Internet Engineering Task Force (IETF) C. Daboo Request for Comments: 6186 Apple Inc. Updates: 1939, 3501 March 2011 Category: Standards Track ISSN: 2070-1721 Use of SRV Records for Locating Email Submission/Access Services Abstract This specification describes how SRV records can be used to locate email services. Status of This Memo This is an Internet Standards Track document. This document is a product of the Internet Engineering Task Force (IETF). It represents the consensus of the IETF community. It has received public review and has been approved for publication by the Internet Engineering Steering Group (IESG). Further information on Internet Standards is available in Section 2 of RFC 5741. Information about the current status of this document, any errata, and how to provide feedback on it may be obtained at http://www.rfc-editor.org/info/rfc6186. Copyright Notice Copyright (c) 2011 IETF Trust and the persons identified as the document authors. All rights reserved. This document is subject to BCP 78 and the IETF Trust's Legal Provisions Relating to IETF Documents (http://trustee.ietf.org/license-info) in effect on the date of publication of this document. Please review these documents carefully, as they describe your rights and restrictions with respect to this document. Code Components extracted from this document must include Simplified BSD License text as described in Section 4.e of the Trust Legal Provisions and are provided without warranty as described in the Simplified BSD License.
Table of Contents 1. Introduction . . . . . . . . . . . . . . . . . . . . . . . . . 2 2. Conventions Used in This Document . . . . . . . . . . . . . . . 3 3. SRV Service Labels . . . . . . . . . . . . . . . . . . . . . . 3 3.1. Email Submission . . . . . . . . . . . . . . . . . . . . . 3 3.2. IMAP . . . . . . . . . . . . . . . . . . . . . . . . . . . 3 3.3. POP3 . . . . . . . . . . . . . . . . . . . . . . . . . . . 4 3.4. Priority for Domain Preferences . . . . . . . . . . . . . . 4 4. Guidance for MUAs . . . . . . . . . . . . . . . . . . . . . . . 5 5. Guidance for Service Providers . . . . . . . . . . . . . . . . 6 6. Security Considerations . . . . . . . . . . . . . . . . . . . . 7 7. Acknowledgments . . . . . . . . . . . . . . . . . . . . . . . . 7 8. References . . . . . . . . . . . . . . . . . . . . . . . . . . 8 8.1. Normative References . . . . . . . . . . . . . . . . . . . 8 8.2. Informative References . . . . . . . . . . . . . . . . . . 8 1. Introduction Internet email protocols include SMTP [RFC5321], IMAP [RFC3501], and POP3 [RFC1939]. IMAP and POP3 are both message store access protocols used by message store user agents (MUAs) to manipulate email messages after delivery. [RFC4409] defines a "profile" of the SMTP service that is specifically used for message submission. MUAs are expected to submit messages to mail submission agents (MSAs) using this approach. [RFC2782] defines a DNS-based service discovery protocol that has been widely adopted as a means of locating particular services within a local area network and beyond, using DNS SRV resource records (RRs). [RFC5321] specifies how to use DNS MX RRs to locate SMTP services for a domain. However, MUAs are expected to use the submission protocol defined in [RFC4409], which does not use MX records. Typically MUAs have required users to enter a fully qualified domain name (FQDN) and port information for the services they need. This is not ideal as the way in which server configuration information is specified can differ from MUA to MUA, and can be confusing to users, leading to errors when inputting the details. Alternatively, some MUAs have adopted a complex "auto-discovery" process involving probing a domain to see what services might be available. A better approach to all this would be to require minimal information to be entered by a user that would result in automatic configuration of appropriate services for that user. The minimal information entered would be the user's email address.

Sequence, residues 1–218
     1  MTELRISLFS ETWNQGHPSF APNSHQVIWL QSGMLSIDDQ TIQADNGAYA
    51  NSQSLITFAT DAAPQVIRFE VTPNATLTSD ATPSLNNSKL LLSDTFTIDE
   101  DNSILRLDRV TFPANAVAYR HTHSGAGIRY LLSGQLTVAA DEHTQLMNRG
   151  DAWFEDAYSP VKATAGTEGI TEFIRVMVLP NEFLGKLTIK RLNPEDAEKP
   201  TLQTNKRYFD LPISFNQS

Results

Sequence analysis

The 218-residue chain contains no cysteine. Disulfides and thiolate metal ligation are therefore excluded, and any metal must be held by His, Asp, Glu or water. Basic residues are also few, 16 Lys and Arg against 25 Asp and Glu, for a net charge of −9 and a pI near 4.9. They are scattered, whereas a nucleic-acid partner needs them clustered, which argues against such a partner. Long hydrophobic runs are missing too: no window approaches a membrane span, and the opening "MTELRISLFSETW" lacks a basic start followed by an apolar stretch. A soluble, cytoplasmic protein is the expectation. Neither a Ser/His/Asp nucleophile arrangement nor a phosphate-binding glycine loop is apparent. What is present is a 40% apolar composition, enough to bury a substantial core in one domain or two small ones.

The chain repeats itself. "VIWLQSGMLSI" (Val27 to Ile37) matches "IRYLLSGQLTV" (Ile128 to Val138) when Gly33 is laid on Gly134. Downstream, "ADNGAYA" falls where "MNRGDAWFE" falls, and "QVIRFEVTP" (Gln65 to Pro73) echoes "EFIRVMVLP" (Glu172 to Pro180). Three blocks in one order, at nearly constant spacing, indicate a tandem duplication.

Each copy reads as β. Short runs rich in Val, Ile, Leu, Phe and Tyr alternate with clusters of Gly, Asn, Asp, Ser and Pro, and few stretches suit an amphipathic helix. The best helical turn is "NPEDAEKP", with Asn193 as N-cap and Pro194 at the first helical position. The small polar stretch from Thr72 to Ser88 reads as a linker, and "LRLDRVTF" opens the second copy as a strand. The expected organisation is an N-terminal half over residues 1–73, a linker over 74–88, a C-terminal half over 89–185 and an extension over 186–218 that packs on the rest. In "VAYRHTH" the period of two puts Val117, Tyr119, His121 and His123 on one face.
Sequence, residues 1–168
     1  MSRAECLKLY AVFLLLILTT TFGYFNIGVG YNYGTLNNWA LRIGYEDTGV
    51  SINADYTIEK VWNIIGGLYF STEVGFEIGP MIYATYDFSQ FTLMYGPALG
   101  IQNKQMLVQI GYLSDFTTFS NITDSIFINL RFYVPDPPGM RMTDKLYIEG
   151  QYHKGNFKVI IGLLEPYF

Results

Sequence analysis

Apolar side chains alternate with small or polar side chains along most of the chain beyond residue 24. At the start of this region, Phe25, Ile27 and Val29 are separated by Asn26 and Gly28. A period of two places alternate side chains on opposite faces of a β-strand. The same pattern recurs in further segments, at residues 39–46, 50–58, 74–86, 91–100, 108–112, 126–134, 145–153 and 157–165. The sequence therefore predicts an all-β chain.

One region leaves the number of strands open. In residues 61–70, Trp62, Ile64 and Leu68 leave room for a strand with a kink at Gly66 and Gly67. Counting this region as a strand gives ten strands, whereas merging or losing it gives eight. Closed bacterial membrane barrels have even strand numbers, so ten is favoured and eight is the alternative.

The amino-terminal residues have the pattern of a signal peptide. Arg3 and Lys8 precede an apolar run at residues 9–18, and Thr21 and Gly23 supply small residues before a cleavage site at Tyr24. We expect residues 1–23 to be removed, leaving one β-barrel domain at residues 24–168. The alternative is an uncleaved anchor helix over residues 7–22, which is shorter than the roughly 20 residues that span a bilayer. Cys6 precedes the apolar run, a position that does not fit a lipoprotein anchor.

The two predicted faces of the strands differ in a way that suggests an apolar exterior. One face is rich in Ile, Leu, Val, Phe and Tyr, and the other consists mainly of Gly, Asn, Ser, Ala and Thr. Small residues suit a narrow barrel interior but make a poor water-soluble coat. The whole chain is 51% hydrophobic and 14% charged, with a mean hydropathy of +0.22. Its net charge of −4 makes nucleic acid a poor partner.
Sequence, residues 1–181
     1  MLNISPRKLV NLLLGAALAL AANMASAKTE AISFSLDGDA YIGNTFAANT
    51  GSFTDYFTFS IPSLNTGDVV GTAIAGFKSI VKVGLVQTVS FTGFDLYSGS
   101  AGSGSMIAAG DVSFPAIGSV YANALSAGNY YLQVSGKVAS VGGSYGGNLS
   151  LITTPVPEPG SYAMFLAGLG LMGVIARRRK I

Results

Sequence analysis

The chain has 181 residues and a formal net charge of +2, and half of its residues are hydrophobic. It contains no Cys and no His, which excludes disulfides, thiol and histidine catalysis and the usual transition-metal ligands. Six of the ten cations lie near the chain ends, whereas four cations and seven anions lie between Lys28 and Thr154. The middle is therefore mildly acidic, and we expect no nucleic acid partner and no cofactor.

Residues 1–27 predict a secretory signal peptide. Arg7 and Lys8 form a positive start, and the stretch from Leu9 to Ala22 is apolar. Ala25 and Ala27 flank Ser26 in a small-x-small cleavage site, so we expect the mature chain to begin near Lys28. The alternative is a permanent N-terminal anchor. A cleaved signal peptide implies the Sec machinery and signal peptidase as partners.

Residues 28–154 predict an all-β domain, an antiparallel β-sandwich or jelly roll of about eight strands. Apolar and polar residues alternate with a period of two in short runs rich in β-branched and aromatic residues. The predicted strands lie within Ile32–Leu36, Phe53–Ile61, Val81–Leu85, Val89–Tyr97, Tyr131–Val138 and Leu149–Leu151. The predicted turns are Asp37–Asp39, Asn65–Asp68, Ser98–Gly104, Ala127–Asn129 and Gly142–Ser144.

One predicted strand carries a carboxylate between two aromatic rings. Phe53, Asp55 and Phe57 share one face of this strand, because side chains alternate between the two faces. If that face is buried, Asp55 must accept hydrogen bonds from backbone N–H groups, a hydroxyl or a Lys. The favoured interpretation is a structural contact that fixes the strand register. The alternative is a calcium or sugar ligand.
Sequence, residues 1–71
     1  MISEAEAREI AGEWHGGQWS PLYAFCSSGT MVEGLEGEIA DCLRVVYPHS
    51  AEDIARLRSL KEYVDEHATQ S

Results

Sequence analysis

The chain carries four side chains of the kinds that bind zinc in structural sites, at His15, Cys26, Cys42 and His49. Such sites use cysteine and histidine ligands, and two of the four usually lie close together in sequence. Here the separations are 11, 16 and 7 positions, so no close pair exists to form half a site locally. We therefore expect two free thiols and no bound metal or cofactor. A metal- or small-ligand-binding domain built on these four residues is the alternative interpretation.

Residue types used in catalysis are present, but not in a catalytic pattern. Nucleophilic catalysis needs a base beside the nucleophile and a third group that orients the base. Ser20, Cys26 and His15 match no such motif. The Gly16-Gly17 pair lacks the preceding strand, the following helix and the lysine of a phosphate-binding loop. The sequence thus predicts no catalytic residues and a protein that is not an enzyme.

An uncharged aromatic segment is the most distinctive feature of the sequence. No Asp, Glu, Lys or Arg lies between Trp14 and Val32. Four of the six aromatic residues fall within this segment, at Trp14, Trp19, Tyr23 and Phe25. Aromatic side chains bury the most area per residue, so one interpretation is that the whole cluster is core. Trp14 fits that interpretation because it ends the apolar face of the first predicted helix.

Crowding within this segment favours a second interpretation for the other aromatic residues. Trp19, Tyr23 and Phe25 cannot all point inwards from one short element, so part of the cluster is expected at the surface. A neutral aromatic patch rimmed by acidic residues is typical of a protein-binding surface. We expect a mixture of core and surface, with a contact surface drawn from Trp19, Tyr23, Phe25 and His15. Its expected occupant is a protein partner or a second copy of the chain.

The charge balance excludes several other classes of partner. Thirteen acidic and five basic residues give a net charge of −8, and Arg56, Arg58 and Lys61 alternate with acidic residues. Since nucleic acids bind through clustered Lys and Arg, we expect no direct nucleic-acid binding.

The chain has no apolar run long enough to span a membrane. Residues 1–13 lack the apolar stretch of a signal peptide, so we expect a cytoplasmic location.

This specification defines new SRV service types for the message submission, IMAP, and POP3 services, to enable simple auto- configuration of MUAs. The priority field of the SRV record can also be used to indicate a preference for one message store access protocol over another. 2. Conventions Used in This Document The key words "MUST", "MUST NOT", "REQUIRED", "SHALL", "SHALL NOT", "SHOULD", "SHOULD NOT", "RECOMMENDED", "MAY", and "OPTIONAL" in this document are to be interpreted as described in [RFC2119]. Email-related terminology from [RFC5598] is used. 3. SRV Service Labels 3.1. Email Submission This specification adds one SRV service label for message submission [RFC4409]: submission: Identifies an MSA using [RFC4409]. Note that this covers connections both with and without Transport Layer Security (TLS) [RFC5246] as defined for SMTP in [RFC3207]. Example: service record _submission._tcp SRV 0 1 587 mail.example.com. 3.2. IMAP This specification adds two SRV service labels for IMAP [RFC3501]: _imap: Identifies an IMAP server that MAY advertise the "LOGINDISABLED" capability and MAY require the MUA to use the "STARTTLS" command prior to authentication. Although these two extensions are mandatory-to-implement for both MUAs and IMAP servers, they are not mandatory-to-use by service providers. _imaps: Identifies an IMAP server where TLS [RFC5246] is initiated directly upon connection to the IMAP server. Example: service record _imap._tcp SRV 0 1 143 imap.example.com.